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History Shows UberHop's Transit Competition Will Cost Riders

12/18/2015 11:44 EST | Updated 12/18/2016 05:12 EST
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Woman in winter clothing texting in an urban scene.

Uber has started operating a transit-like service (UberHop) ferrying passengers to and from downtown Toronto on four fixed routes. UberHop is no different from jitneys of yesteryear that took riders away from scheduled public transit during peak hours and abandoned commuters when volumes were low.

What is different this time is the technology. Using the Internet and ride-sharing platforms, UberHop allows commuters to book shared rides to and from downtown Toronto for a fixed fare of $5. Uber vehicles operate on public assets, i.e., roads and the curb space, to pick up and drop off passengers.

Regulating roads and curb space in the larger public interest is in dire need of intervention. A lack of it, as was the case 100 years ago, will result in chaos on roads, more congestion and ultimately a decline in public transit ridership. The past experience with jitneys in the early twentieth century in the U.S. and the recent experience in developing countries suggest that unregulated jitneys adversely affect transit ridership.

The U.S. experimented with jitneys between 1914 and 1916. Daniel Klein and others writing in the Independent Review explained that jitney operators ran vehicles during the peak rush hours and just ahead of the electric street cars to pick up passengers waiting at stops. The scheduled transit operators complained about losing market share and ultimately prevailed. Jitneys were shut down by municipal regulators who received no financial benefits from jitneys. Recent jitney experiments in Los Angeles also met with limited success.

In several developing countries, jitneys are the single largest reason for the demise of scheduled public transit. In Pakistan and Peru, small vans and taxis essentially operated as jitneys during peak demand period and stole riders away from the franchised bus transit operators, who had invested millions in acquiring standardized vehicles and trained staff to run scheduled service on designated routes. The transit operators in several cities ultimately ceased operations because jitneys took significant chunks of business away from them.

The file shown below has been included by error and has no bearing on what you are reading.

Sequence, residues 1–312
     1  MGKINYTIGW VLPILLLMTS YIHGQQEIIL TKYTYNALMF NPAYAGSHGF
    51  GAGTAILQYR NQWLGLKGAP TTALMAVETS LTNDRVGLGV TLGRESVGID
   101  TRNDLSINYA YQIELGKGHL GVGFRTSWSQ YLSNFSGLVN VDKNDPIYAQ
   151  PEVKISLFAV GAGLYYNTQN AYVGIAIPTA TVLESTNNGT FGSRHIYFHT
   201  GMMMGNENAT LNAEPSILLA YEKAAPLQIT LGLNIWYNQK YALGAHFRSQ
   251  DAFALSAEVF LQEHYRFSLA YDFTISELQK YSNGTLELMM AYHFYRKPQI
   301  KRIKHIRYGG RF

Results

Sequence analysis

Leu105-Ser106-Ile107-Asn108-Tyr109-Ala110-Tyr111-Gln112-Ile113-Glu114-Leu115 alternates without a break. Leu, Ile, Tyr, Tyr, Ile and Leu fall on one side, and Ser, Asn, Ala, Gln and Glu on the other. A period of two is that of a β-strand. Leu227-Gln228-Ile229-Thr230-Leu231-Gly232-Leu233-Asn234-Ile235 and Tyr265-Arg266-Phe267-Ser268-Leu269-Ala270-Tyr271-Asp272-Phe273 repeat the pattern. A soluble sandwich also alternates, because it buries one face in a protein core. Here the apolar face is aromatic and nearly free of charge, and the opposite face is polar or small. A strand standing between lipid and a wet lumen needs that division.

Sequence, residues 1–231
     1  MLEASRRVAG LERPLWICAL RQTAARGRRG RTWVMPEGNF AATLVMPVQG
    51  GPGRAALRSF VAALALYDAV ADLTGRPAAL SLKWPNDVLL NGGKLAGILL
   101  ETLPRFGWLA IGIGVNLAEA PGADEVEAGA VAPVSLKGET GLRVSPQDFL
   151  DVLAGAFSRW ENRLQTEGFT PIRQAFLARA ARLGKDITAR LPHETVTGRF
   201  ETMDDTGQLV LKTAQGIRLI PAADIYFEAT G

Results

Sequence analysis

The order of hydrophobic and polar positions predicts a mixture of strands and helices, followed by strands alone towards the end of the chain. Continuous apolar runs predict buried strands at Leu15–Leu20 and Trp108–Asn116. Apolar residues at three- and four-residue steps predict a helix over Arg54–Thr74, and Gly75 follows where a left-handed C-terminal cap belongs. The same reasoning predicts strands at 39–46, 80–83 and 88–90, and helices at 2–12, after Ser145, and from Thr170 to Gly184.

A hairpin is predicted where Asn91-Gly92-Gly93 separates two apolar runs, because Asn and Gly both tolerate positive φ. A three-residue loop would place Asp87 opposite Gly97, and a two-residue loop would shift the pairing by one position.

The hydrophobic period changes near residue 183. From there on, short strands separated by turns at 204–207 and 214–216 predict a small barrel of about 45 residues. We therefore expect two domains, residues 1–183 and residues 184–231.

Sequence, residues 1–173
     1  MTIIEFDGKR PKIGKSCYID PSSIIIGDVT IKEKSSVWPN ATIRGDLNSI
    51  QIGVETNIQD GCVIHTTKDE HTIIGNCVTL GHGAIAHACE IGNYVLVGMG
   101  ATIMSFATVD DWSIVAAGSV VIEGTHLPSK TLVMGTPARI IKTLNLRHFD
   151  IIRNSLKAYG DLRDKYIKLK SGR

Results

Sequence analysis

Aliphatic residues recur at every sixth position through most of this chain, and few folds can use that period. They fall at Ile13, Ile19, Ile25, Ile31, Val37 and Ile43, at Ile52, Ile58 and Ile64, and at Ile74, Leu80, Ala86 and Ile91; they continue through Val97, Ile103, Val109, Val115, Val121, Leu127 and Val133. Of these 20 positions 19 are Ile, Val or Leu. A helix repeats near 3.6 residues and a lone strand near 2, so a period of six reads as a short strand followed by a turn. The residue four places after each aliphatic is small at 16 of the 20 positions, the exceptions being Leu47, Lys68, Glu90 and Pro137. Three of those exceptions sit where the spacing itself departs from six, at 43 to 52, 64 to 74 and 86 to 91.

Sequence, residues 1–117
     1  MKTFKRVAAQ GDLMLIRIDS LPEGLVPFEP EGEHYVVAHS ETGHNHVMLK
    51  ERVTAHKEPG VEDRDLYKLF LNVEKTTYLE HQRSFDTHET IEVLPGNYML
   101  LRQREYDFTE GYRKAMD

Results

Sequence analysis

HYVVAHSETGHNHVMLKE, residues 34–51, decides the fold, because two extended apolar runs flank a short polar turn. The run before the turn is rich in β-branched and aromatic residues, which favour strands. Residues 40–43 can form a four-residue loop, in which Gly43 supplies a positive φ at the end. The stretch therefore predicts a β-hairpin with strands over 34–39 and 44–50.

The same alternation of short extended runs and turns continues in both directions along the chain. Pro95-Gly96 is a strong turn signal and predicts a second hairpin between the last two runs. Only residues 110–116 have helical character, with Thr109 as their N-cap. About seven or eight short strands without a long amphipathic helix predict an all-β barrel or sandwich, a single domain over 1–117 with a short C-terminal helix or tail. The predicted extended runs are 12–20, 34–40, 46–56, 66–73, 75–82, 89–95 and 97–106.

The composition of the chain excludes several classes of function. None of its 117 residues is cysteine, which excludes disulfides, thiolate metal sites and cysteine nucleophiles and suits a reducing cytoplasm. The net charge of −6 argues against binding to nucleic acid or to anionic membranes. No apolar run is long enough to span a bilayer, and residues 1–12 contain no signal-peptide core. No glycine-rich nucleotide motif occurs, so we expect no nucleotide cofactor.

Once franchised transit operators ceased operations, commuters were left again at the mercy of paratransit operators running substandard vehicles only during peak periods, and jitneys who eventually increased their fares substantially.

It is important for regulators to understand why transit monopolies are preferred in most instances. Even more importantly, the policy makers need to appreciate the circumstances under which transit competition serves the public interest.

Public transit agencies operate as monopolies in their respective jurisdictions because they guarantee scheduled service on fixed routes. Public transit operators adhere to schedules even when vehicles run empty. They cannot deny service for the lack of ridership.

Transit agencies are able to operate empty or newly empty vehicles at a loss during low-demand periods because they operate transit at a profit during peak periods. Regulators allow transit monopolies in exchange for the guaranteed service on low ridership routes, which for-profit transport providers like UberHop are unlikely to consider.

Much has changed in the way we commute and communicate since the early twentieth century. The Internet enables innovators to disrupt businesses that rely on decaying business models. Uber is one such innovator. It will not be wise to act the same way as the regulators did a century ago and ban jitneys right away.

The challenge for regulators is to encourage mobility innovators to provide reliable service to commuters. This would require UberHop and similar operators to be prepared to offer the same service at the same price during off-peak periods when the operating costs will be more than operating revenues.

Lastly, regulators must also think beyond Uber and ensure that they should not replace a monopoly with an oligopoly where UberHop is allowed to operate, but other private operators are prevented from doing the same.

A competitive transit market should reward innovators while ensuring quality and guaranteed service for the commuters.

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